The State library of Victoria is a huge part of why Melbourne was named Unesco City of Literature in 2008. It has been forefront of Melbourne's literary scene since it opened in 1854, storing over two million books within its walls. The octagonal La Trobe Reading Room is the library’s epicentre whose structure was completed in 1913, was completed in 1913. The Reading Room’s reinforced-concrete dome was the largest of its kind in the world and its natural light wonderfully illuminates the ornate plasterwork and writers who come here to pen their work.

The State library of Victoria

Kings Park & Botanic Garden is Perth’s pride and joy, and the perfect spot for a picnic under the trees or to let your kids roam free in one the playgrounds. If you climb the ascent of the steep stairs from the river, you will be rewarded with wonderful views and probably a great workout.

kings park

In the heart of the park is the 17-hectare Botanic Garden that contains over 2000 plant species indigenous to Western Australia. A highlight is the Lotterywest Federation Walkway, a path through the gardens that includes a wonderfully designed, 222m-long, glass-and-steel Bridge that beautifully passes through the canopy of a stand of eucalypts. To top it off the main road leading into the park happens to be lined with towering lemon-scented gums that are lit at night.

Lotterywest Federation Walkway

The Great Barrier Reef is deservingly one of the seven wonders of the natural world, larger than the Great Wall of China and the only living thing visible from space, it’s safe to say we are all impressed. Stretching along the Queensland seaboard, the 2000km conglomeration of colourful coral makes for some the most magnificent diving landscape imaginable.

great barrier reef

Cable beach is another beauty and Western Australia's most famous landmark. The beach offers visitors beautiful turquoise waters and amazing white sand that curves of into the sunset, it’s simply picturesque. On the north side of the rocks, clothing is optional, while on the south side walking trails lead to the red dunes of Minyirr Park, a spiritual place for the Rubibi people.  Cable beach is also known for its camels so make sure you enjoy an early evening Camel ride across the beach.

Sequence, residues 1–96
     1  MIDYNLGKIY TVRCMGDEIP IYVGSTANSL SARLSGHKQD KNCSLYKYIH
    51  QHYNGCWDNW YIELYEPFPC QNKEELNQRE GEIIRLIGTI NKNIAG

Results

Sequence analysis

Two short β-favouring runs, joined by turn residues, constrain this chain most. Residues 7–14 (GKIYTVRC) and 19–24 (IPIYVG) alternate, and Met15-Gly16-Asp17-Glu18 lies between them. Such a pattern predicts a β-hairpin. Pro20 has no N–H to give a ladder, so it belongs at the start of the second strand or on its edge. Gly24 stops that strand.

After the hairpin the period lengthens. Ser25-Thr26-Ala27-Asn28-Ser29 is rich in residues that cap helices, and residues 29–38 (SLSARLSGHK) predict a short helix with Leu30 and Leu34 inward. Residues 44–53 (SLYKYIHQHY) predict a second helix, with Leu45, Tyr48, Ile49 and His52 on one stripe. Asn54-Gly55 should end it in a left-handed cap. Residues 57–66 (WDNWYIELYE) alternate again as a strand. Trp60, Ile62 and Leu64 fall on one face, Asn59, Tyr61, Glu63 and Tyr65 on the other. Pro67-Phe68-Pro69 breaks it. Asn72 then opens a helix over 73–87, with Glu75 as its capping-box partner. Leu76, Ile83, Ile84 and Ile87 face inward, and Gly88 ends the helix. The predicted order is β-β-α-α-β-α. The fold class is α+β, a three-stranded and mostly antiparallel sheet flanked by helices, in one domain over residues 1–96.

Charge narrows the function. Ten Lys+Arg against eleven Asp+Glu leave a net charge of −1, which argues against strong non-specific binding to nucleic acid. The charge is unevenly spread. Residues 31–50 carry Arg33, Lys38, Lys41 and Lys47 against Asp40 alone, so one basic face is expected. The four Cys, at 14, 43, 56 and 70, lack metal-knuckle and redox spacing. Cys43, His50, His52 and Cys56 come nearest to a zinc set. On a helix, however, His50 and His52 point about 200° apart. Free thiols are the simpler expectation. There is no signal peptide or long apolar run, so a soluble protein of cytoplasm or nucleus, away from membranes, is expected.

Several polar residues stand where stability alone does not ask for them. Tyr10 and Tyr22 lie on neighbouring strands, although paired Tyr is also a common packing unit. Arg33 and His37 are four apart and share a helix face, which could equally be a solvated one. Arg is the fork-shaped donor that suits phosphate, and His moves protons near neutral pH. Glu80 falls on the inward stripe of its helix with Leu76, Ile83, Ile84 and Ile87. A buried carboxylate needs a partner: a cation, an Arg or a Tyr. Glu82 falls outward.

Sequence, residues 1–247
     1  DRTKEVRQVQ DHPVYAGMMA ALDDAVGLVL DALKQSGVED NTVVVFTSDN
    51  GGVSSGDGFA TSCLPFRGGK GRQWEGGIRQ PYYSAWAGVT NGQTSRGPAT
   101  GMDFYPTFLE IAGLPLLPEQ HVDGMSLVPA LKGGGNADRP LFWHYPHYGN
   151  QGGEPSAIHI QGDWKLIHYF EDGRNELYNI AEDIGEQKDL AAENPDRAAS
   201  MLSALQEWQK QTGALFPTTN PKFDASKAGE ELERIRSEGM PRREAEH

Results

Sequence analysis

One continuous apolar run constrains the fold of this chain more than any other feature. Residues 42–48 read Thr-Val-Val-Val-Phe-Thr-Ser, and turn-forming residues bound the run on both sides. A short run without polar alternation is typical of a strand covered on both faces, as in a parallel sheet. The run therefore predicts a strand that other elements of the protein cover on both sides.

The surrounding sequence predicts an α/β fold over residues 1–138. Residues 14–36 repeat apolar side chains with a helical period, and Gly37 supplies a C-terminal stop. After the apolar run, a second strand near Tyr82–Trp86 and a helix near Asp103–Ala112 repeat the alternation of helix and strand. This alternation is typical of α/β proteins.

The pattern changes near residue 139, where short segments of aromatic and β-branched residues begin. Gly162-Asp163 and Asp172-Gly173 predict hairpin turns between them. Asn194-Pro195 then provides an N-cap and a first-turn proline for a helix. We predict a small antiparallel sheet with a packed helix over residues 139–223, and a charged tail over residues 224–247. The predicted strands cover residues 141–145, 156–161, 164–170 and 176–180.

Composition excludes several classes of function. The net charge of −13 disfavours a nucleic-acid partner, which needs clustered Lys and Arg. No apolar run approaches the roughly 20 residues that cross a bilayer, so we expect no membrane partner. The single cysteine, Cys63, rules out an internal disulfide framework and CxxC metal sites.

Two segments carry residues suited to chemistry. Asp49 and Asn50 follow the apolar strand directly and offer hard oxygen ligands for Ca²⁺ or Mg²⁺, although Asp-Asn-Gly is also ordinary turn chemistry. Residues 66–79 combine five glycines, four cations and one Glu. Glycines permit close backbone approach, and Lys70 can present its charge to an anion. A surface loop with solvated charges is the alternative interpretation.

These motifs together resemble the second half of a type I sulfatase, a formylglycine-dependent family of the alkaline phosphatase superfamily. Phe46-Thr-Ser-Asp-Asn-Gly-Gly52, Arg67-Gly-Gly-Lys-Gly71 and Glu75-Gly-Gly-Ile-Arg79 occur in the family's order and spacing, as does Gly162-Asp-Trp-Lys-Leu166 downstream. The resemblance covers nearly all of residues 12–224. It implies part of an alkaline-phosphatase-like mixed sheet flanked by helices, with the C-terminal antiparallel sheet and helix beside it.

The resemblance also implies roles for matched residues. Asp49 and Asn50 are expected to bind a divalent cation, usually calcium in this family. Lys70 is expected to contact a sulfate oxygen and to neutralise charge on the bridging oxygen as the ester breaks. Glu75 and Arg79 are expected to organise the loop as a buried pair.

Cable Beach

If the name ‘The Gold Coast’ is anything to go by you can bet that this place won’t disappoint. With 35 beaches, 300 sunny days and four million visitors a year the Gold Coast is an Aussie paradise. The beaches here are more than spectacular, and with outstanding waves at Burleigh Heads, Currumbin and Kirra it's one of the best places to learn to surf in Australia.

The Gold Coast

Behind the beach there is a shimmering strip of high-rise apartments, bars, clubs and theme parks. Things get a bit calmer as you head south, where you will find Broadbeach with its sandy chic, Burleigh Heads’ seaside charm and Coolangatta’s laid-back ethos.

the gold coast

Westfield Bondi Junction is undoubtedly Australia’s flashiest shopping mall.  It has a whopping 438 stores set over six levels, so you’ll definitely need a map or some sort of GPS to guide you through it. Don’t let that discourage you however, you’ll still find all the shops you love and more, like big international brands Hugo Boss, Armani and G Star. There is also Australia’s two big department stores Myer and David Jones and other Australian favourites like Jurlique, Mecca Cosmetica and RM WIlliams .  All the walking around will leave you hungry so it’s a good thing there is an abundance of food courts and supermarkets, and numerous bars if you wanted to sit and have a drink.

Westfield Bondi Junction

Westfield Bondi Junction

The Byron at Byron Resort and Spa offers guests the finest and most luxurious accommodations, so they can fully enjoy a rejuvenating stay. The spacious suites feature a kitchen and a separate lounge and dining area, as well as 2 enclosed balconies with great views.


On site facilities, include a spa and wellness centre with a 25-metre infinity pool, sauna and daily yoga sessions. 

he Byron at Byron Resort and Spa

The Restaurant at The Byron at Byron delivers a seasonal menu of Northern River’s local produce and boasts a rainforest backdrop.

The Byron at Byron Resort and Spa Restaurant

If you are considering Australia or another dream destination for your next vacation, why not drop us a line at to help us book you your dream holiday with highly negotiated near-corporate rates? All you need to do is send us your ideal destinations, group size and preferences and we will take it from there to make this autumn the best ever yet.